Unlike hemodialysis (HD), peritoneal dialysis (PD) does not require patients to visit hospitals for dialysis two to three times a week, allowing them to maintain their regular work and social activities, preserving their independence and freedom [1]. Additionally, the cost of hemodialysis was 1.37 times compared to peritoneal dialysis in Taiwan, and opting for PD can reduce healthcare costs. Despite these advantages, most patients continue to prefer HD [2]. The reluctance toward PD may stem from the fact that it involves self-administration or caregiver assistance, requiring patients to manage the dialysis process, including attaching the dialysis bag and manually recording related data on paper [3], which can be challenging for some patients.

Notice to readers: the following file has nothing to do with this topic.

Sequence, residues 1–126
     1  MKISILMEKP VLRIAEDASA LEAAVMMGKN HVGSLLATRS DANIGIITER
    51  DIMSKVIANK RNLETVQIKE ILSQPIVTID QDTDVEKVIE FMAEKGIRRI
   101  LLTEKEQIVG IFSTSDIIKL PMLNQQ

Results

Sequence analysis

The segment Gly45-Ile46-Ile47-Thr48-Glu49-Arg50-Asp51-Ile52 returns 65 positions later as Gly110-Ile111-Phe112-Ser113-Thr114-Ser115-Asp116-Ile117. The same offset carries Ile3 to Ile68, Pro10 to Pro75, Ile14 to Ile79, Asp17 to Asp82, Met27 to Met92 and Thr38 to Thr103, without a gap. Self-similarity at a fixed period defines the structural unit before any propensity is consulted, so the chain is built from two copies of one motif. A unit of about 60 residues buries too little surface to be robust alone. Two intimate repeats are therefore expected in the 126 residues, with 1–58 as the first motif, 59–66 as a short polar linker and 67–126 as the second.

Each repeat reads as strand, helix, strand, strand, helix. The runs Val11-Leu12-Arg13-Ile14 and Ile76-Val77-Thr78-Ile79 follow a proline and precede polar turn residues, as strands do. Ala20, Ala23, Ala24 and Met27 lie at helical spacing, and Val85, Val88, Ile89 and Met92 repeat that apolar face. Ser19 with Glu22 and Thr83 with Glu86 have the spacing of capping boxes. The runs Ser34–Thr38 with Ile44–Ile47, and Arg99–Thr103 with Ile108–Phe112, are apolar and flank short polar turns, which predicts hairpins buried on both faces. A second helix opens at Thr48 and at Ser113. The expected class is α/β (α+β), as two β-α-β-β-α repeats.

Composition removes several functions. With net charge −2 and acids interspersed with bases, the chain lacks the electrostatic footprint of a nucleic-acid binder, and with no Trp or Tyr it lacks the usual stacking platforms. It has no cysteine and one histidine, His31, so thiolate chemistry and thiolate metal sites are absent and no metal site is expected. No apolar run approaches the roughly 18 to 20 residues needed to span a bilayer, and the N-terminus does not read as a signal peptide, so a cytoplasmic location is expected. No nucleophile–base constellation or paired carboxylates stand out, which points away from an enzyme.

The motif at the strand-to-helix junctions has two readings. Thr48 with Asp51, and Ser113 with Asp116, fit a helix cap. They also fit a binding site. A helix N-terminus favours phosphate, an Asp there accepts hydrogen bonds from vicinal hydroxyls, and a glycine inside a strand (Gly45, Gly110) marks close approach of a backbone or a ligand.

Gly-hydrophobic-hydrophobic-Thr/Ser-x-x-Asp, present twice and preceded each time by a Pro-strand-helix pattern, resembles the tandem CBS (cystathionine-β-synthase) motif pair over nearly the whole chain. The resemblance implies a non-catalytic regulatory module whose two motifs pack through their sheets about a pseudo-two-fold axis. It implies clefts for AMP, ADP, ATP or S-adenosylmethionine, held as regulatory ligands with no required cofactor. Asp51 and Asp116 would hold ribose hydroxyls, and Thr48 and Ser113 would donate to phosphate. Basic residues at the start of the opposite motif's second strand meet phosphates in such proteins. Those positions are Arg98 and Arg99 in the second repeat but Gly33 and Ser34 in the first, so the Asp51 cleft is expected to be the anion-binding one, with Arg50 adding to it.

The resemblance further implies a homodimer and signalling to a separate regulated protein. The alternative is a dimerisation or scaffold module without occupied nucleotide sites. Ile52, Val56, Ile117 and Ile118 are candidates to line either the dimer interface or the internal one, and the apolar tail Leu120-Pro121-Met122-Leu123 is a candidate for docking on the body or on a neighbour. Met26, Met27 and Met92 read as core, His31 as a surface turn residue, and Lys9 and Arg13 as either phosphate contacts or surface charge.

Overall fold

While patients can communicate with healthcare providers (HCP) over the phone to address any issues during daytime dialysis [4], seeking advice from them at night may pose problems due to their unavailability. Furthermore, for patients without a medical background, HCP must impart additional disease-related knowledge and provide opportunities for them to practice dialysis techniques. The lack of a medical background and sudden complications can cause patients to feel overwhelmed, resulting in them choosing HD over PD [1]. Mobile health (mHealth) applications (apps) have the potential to increase patients’ willingness to adopt PD. These apps can record PD conditions, enhance patients’ self-practice of PD techniques at home, alleviate concerns about unmanageable health conditions, help patients with chronic kidney diseases understand their condition, strengthen disease self-management [5,6,7], facilitate two-way communication and data sharing between patients and HCP, assist patients in gaining necessary knowledge and skills, and support patients in problem solving and decision making [1,8,9,10,11], ultimately increasing patients’ sense of security and satisfaction.